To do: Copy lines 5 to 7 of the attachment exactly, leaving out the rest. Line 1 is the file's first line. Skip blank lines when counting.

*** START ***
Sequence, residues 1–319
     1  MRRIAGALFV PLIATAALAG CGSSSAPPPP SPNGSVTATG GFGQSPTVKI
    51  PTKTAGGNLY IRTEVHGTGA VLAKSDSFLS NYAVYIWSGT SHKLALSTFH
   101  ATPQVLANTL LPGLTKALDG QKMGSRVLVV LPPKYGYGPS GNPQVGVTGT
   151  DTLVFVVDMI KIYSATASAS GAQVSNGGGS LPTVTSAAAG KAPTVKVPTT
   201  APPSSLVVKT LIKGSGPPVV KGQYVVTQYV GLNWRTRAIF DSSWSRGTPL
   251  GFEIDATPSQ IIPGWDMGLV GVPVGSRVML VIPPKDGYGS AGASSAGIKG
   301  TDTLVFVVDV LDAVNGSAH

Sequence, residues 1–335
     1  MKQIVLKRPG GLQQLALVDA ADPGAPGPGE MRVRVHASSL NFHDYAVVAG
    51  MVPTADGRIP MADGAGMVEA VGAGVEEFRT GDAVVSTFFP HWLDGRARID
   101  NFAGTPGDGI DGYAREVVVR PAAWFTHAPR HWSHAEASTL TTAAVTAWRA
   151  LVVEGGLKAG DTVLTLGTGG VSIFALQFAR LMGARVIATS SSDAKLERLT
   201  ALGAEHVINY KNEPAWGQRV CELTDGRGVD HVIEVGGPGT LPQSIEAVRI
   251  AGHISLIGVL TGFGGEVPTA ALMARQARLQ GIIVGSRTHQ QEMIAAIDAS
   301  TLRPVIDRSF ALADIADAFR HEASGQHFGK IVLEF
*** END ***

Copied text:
   151  DTLVFVVDMI KIYSATASAS GAQVSNGGGS LPTVTSAAAG KAPTVKVPTT
   201  APPSSLVVKT LIKGSGPPVV KGQYVVTQYV GLNWRTRAIF DSSWSRGTPL
   251  GFEIDATPSQ IIPGWDMGLV GVPVGSRVML VIPPKDGYGS AGASSAGIKG